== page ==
The first book in a series set in an alternative 19th Century Paris where magic also takes root, The Gilded Wolves follows the story of Séverin Montagnet-Alarie and his band of fellow misfits. After he is coerced onto a mission from the Order of Babel, an organisation set on protecting the secret location of fragments of the Tower of Babel, Séverin is offered a treasure he never imagined: his true inheritance. From there they explore the dark yet decadent heart of Paris where what they find might change the course of history if they manage to stay alive.
I came across this book a number of times before its release at the beginning of February whenever someone would post on social media about their anticipated releases.
When I first read the synopsis for it, I wasn’t sure what to think; I liked the sound of it, but at the same time the slight vagueness of the plot, in my personal opinion, made me assume that it had a chance of being a story that didn’t live up to how good it was said to be. Oh, how wrong I was! Right from the get-go, Roshani Chokshi dives head first into this world rich with magic and history, the prologue laying out action as well as some small bites of information about the way the magic system works. Throughout, Chokshi sprinkles these little pieces of information which helps the reader to not get too overwhelmed, however there were some moments where I was overloaded when learning about the method of thinking the group used to solve a number of puzzles, as well as when finding out the history of one character at one point. Despite this however, Chokshi astounded me with how intricately detailed, yet clear she manages to write the scenes when it came to the group puzzlesolving.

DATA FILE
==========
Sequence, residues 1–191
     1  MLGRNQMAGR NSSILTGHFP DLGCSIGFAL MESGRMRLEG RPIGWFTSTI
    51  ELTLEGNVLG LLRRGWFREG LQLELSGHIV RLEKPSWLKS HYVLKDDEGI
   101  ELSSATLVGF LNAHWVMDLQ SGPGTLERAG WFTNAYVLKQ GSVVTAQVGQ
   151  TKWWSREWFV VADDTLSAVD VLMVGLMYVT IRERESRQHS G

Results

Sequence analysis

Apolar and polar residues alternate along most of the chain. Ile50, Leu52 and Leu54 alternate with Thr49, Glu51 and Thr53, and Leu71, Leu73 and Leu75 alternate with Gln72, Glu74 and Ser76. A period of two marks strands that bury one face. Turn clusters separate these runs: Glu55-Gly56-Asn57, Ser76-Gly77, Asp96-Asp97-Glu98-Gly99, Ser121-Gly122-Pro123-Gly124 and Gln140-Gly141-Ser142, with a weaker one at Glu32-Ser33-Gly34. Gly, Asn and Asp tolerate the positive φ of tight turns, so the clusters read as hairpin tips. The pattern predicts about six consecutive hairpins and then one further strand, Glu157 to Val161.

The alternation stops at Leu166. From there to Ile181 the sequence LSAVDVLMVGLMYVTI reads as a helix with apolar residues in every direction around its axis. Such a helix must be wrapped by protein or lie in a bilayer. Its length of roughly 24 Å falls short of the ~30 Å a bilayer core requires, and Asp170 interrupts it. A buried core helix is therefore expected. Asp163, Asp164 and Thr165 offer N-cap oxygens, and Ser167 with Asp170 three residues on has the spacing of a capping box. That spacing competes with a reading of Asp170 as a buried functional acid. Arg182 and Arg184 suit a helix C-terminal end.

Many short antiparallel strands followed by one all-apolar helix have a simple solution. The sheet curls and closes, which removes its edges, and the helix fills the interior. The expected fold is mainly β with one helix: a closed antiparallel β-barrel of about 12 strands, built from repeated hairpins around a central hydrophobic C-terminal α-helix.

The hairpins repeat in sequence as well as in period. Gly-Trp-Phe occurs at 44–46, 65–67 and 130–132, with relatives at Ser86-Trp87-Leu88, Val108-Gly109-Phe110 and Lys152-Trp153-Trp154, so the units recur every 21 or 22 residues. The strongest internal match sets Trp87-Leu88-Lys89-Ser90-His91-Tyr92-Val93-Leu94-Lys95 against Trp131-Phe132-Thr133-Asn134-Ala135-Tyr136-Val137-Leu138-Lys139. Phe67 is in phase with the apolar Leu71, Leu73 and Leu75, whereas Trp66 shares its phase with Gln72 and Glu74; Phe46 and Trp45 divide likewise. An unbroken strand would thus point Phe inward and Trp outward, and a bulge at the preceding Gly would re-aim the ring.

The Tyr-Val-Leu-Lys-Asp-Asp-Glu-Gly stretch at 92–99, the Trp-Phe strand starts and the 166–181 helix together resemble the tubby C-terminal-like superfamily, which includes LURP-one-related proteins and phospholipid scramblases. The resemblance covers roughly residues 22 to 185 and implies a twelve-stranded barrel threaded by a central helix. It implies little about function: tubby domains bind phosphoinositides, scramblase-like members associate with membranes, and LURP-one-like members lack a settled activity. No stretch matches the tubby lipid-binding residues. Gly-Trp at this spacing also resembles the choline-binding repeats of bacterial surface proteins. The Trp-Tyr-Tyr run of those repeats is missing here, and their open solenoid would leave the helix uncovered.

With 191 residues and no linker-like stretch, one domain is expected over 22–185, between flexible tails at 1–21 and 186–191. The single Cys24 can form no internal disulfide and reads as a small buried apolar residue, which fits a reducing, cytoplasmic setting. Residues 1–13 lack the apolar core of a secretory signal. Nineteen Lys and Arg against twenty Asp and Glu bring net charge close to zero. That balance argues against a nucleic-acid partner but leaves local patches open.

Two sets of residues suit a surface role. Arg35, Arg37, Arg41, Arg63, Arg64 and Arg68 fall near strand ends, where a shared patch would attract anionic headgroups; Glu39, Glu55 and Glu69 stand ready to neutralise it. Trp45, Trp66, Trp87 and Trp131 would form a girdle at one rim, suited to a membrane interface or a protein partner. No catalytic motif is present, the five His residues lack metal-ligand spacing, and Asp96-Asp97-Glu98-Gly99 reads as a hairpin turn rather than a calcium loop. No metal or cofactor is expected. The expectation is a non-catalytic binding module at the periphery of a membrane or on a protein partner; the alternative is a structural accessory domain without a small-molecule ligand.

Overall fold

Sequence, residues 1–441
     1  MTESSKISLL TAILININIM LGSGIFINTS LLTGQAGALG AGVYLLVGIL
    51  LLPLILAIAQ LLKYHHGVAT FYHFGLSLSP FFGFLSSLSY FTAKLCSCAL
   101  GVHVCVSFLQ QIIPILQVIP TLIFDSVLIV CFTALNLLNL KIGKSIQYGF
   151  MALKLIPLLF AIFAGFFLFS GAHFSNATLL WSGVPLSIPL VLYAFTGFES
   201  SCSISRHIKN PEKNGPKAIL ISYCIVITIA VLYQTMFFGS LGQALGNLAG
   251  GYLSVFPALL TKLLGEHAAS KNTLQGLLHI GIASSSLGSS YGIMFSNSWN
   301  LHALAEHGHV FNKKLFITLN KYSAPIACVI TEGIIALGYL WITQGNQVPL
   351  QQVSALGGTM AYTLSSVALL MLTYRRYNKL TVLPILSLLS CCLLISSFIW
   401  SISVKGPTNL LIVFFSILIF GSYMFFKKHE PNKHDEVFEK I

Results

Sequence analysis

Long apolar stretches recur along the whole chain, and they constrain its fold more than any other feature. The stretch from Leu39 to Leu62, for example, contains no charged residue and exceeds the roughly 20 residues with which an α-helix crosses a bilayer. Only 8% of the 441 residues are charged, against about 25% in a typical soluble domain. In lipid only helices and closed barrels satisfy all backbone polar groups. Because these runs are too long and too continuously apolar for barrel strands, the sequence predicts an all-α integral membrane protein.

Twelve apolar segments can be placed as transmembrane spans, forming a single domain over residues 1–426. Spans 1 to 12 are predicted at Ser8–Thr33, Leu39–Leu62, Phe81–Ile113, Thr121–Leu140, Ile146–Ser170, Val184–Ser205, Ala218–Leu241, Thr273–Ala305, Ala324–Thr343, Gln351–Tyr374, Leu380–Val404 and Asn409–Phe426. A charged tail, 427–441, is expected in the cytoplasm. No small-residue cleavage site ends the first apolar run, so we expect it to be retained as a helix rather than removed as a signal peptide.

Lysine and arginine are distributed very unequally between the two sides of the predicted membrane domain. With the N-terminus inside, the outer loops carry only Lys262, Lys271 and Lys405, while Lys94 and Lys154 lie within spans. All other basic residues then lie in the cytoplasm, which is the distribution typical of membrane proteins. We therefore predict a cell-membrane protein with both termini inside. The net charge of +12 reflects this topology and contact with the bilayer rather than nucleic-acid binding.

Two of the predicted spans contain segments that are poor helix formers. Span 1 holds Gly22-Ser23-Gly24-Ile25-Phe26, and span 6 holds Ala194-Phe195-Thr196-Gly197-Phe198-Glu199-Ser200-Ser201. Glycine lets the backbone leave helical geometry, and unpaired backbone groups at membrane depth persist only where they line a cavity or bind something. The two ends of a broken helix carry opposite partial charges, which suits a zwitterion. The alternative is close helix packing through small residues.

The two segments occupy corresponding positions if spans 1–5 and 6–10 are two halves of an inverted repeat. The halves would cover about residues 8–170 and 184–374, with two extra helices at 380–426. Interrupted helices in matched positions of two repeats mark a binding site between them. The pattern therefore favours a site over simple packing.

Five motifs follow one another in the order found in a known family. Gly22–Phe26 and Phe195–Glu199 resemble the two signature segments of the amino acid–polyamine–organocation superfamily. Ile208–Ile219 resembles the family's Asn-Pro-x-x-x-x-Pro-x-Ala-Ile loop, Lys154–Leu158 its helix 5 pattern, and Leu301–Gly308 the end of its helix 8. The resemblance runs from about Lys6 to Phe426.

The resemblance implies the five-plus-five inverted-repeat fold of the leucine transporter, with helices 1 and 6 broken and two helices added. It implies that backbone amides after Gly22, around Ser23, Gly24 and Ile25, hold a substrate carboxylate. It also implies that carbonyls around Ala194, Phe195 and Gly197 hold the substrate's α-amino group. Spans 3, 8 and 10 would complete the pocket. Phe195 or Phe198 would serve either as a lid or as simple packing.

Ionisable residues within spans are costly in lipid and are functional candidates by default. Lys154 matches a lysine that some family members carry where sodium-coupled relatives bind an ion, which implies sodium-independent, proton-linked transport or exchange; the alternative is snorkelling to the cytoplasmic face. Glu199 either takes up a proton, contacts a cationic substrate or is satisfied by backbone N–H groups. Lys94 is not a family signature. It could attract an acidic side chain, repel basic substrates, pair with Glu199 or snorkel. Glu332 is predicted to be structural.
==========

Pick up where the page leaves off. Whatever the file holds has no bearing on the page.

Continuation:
The Gilded Wolves is written with multiple point-of-view chapters, switching between five characters in total, something that was successful as I was invested in each character. Chokshi brings such a wide range of diversity to her cast which I loved, from racial, to sexuality, and to disabilities, with one of the point-of-view characters being autistic.
I could not recommend this more!